How can I evict my girlfriend?

UPDATED: Jan 18, 2013

Advertiser Disclosure

It’s all about you. We want to help you make the right legal decisions.

We strive to help you make confident insurance and legal decisions. Finding trusted and reliable insurance quotes and legal advice should be easy. This doesn’t influence our content. Our opinions are our own.

UPDATED: Jan 18, 2013Fact Checked

Get Legal Help Today

Compare Quotes From Top Companies and Save

secured lock Secured with SHA-256 Encryption

How can I evict my girlfriend?

I gave her notice to move by the first of next month; that was about 3 months ago. She still hasn’t secured a place.

Asked on January 18, 2013 under Real Estate Law, North Carolina


SJZ, Member, New York Bar / FreeAdvice Contributing Attorney

Answered 10 years ago | Contributor

The answer depends on your girlfriend's legal status:

1) Are you and she both renting from the same landlord? If so, you cannot evit her; one tenant may not evict another tenant.

2) Is she renting from you--that is, do you own the home and she is paying you rent, or are you the tenant on the lease and she is contributing towards the rent without being on the main lease (so she is a subtenant of yours)? If so--

a) If there is a written lease or sublease for a definite time between you and her, you cannot evict her until the lease expires, unless she otherwise gives you legal good cause, such as by not paying rent.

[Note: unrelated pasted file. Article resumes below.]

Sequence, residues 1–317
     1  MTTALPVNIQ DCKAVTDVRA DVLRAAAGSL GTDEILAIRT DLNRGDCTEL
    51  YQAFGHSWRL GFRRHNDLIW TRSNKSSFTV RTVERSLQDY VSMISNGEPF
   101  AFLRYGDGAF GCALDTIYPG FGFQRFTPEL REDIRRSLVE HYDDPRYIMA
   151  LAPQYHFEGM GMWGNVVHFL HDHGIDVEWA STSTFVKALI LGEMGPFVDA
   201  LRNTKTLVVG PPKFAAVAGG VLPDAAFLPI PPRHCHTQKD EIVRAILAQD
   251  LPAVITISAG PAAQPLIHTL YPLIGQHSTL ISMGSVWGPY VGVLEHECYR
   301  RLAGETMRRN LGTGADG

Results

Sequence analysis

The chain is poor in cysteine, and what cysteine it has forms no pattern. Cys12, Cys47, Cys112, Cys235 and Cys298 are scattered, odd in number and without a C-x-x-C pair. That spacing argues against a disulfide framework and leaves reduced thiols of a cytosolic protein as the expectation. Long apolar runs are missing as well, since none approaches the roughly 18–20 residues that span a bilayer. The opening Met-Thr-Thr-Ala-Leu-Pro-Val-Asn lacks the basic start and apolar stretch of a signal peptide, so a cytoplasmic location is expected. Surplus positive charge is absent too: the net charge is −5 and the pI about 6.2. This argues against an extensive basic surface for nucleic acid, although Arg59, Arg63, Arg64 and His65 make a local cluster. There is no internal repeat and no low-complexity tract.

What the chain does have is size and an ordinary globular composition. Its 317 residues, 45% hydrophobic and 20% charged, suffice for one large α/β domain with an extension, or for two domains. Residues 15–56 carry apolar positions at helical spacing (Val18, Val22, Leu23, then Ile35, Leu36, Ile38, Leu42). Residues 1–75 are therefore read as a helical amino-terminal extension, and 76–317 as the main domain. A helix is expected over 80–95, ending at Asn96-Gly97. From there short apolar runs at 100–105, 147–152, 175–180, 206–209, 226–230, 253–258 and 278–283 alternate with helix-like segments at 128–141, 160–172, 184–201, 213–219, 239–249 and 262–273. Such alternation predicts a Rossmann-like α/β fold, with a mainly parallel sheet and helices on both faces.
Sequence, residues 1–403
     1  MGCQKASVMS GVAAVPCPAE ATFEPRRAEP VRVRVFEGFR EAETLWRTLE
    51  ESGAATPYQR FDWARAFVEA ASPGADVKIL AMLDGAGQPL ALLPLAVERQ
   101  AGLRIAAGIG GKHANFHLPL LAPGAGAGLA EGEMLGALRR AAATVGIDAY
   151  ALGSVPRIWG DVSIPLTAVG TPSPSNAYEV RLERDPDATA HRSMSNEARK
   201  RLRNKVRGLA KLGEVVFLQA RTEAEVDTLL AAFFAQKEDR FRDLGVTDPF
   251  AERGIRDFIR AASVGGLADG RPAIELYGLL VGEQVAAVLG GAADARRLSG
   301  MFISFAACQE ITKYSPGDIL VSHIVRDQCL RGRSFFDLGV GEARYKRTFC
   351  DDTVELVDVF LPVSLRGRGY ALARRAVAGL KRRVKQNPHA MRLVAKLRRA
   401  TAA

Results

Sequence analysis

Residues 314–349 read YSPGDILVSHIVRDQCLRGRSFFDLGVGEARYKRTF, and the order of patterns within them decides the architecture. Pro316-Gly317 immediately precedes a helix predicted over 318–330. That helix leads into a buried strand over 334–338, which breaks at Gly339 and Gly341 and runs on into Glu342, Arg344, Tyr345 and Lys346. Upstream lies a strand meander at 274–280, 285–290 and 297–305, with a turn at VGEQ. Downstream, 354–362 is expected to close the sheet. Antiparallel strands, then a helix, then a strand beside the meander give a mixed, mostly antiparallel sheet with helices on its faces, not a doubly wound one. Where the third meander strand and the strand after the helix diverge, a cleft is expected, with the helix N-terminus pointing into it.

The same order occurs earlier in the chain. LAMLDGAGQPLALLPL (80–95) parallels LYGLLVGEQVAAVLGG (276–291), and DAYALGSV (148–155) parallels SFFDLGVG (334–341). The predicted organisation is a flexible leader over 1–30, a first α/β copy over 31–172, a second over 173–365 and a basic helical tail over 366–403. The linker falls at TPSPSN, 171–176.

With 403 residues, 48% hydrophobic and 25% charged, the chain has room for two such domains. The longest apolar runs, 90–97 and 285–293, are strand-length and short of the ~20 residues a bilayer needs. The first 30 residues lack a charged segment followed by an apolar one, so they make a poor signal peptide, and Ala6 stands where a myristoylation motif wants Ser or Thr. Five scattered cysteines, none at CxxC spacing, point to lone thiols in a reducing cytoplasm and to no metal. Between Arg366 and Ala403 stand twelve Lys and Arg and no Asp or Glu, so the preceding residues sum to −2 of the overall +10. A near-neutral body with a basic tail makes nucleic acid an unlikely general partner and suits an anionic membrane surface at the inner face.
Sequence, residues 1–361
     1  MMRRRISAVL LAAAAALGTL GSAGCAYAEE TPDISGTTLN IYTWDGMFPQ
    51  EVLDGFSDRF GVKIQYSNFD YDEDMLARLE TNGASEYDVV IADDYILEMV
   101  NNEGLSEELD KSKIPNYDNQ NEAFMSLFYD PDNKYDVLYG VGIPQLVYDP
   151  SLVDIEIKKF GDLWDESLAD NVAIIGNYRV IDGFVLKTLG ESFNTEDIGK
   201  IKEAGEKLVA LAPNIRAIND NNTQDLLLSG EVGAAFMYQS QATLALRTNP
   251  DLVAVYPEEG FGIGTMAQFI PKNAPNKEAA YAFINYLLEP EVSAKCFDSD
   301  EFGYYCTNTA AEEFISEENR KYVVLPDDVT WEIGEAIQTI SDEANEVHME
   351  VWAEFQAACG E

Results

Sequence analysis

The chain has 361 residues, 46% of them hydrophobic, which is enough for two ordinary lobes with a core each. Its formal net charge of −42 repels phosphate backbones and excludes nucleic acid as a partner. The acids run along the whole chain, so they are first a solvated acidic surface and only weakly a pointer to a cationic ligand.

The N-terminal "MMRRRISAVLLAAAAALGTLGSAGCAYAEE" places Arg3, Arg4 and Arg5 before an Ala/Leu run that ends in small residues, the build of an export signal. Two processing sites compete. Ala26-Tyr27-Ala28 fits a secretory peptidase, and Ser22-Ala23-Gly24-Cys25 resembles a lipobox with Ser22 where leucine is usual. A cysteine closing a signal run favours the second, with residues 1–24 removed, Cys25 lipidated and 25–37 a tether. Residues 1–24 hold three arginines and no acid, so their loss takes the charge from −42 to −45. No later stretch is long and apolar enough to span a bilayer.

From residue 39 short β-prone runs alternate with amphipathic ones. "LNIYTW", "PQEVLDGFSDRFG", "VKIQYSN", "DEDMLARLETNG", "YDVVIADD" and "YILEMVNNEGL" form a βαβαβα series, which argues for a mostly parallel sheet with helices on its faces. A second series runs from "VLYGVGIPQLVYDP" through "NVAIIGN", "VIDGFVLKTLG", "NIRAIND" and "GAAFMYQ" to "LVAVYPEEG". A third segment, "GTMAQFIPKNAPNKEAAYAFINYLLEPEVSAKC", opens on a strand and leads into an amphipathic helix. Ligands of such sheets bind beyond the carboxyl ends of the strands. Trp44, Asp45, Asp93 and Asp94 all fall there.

b) If she is a month to month tenant or subtenant, on either a month to month written lease or an oral/verbal lease, you  can give her 30 days written notice terminating her tenancy, then bring an eviction action against her if she does not move.

3) If she is not paying any rent and is simply your "guest"--that is, you've been letting her live with you for free--then you can ask her to leave at any time and if she does  not go, bring an "ejectment" action (basically, eviction for non-tenants) against  her.

Even when you can legally remove her, you can only do so through the courts. You may wish to retain a landlord-tenant attorney to help you.


IMPORTANT NOTICE: The Answer(s) provided above are for general information only. The attorney providing the answer was not serving as the attorney for the person submitting the question or in any attorney-client relationship with such person. Laws may vary from state to state, and sometimes change. Tiny variations in the facts, or a fact not set forth in a question, often can change a legal outcome or an attorney's conclusion. Although has verified the attorney was admitted to practice law in at least one jurisdiction, he or she may not be authorized to practice law in the jurisdiction referred to in the question, nor is he or she necessarily experienced in the area of the law involved. Unlike the information in the Answer(s) above, upon which you should NOT rely, for personal advice you can rely upon we suggest you retain an attorney to represent you.

Get Legal Help Today

Find the right lawyer for your legal issue.

secured lock Secured with SHA-256 Encryption